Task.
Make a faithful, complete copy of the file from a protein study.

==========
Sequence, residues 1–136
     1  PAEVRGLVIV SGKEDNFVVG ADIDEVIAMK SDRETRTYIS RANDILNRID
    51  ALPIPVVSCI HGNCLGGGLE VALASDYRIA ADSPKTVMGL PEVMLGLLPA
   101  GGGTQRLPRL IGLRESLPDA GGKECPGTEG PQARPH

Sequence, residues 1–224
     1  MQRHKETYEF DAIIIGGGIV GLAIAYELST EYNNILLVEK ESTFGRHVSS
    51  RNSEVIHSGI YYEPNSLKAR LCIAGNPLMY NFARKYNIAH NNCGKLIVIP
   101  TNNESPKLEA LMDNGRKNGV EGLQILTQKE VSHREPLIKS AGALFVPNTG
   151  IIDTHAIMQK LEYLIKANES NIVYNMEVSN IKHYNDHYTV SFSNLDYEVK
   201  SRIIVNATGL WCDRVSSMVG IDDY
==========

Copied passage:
Sequence, residues 1–136
     1  PAEVRGLVIV SGKEDNFVVG ADIDEVIAMK SDRETRTYIS RANDILNRID
    51  ALPIPVVSCI HGNCLGGGLE VALASDYRIA ADSPKTVMGL PEVMLGLLPA
   101  GGGTQRLPRL IGLRESLPDA GGKECPGTEG PQARPH

Sequence, residues 1–224
     1  MQRHKETYEF DAIIIGGGIV GLAIAYELST EYNNILLVEK ESTFGRHVSS
    51  RNSEVIHSGI YYEPNSLKAR LCIAGNPLMY NFARKYNIAH NNCGKLIVIP
   101  TNNESPKLEA LMDNGRKNGV EGLQILTQKE VSHREPLIKS AGALFVPNTG
   151  IIDTHAIMQK LEYLIKANES NIVYNMEVSN IKHYNDHYTV SFSNLDYEVK
   201  SRIIVNATGL WCDRVSSMVG IDDY